HUMO One song on Bloodflowers is simply called '39'. Centimeters?
RS Years. I wrote that song on my birthday, just before entering the studio. I had the texts of all songs then, except
the one that fitted with the melody of what would become '39'. I had decided not to celebrate my birthday, so I was
just sitting in the garden with Mary, and I though about all the years that had passed and about how time flies by...
and I became totally depressed. I figured, looking back, that I hadn't reached what I wanted...
HUMO Twelve good records, seventeen hits, fifty million sold albums...
RS Still I felt like a failure. And I had the feeling that I was becoming less good. That I had stood still. And that's
when I decided to write down honestly what I felt: out of that moment of weakness, I created a good song. I started
to sing that text across the loop you hear in the beginning and the sentence that turned out to be the core of the
story was 'The fire's almost out and there's nothing left to burn.'
HUMO Related to Blur's 'No distance left to run'...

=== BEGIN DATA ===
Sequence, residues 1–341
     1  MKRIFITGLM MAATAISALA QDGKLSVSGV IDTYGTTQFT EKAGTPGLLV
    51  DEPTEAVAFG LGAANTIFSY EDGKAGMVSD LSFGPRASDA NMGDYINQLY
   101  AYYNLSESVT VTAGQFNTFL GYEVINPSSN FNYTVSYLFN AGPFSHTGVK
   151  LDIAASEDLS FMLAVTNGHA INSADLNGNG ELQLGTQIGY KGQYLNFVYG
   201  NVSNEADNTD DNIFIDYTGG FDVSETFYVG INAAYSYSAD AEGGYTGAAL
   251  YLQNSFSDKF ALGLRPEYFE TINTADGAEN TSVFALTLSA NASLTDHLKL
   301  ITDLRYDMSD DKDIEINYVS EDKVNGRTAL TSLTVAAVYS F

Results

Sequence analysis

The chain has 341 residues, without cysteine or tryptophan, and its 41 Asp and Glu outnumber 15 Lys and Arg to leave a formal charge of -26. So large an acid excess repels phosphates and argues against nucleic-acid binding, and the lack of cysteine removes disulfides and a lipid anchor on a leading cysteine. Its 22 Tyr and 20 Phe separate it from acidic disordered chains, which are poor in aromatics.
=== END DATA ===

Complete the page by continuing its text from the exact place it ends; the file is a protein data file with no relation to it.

RS Yes, but Damon Albarn sings about the end of a relation, while I'm talking about the creative process. And after
a while I thought: Jesus, I'm singing here about the fact that there's nothing left to sing about. This is wrong.
I also thought: 'Shit, The Cure is the only thing I have in my life, I'm putting all my time in the band instead of doing
adventurous things.' While others would say all we've reached with the Cure is one big adventure. So I can't
complain. And besides, what should I do when I wasn't in The Cure?
HUMO Like Frank Zappa said when they asked him if he had missed somethinh in his life: 'No. What's there to
miss if you're really busy with something in a passionate way?'
RS: Exactly. Very well answered, but it neglects one aspect of human nature - an aspect that is very important when
it comes down to me: unrest. I'm very well aware that if I choose A, I exclude B, because there's no time for both A
and B. It frustrates me I'll never know the answers to questions like 'What would my life have looked like when I
had chosen for a solo-carreer back then in 1977?' or 'What if I had made one record every ten years instead of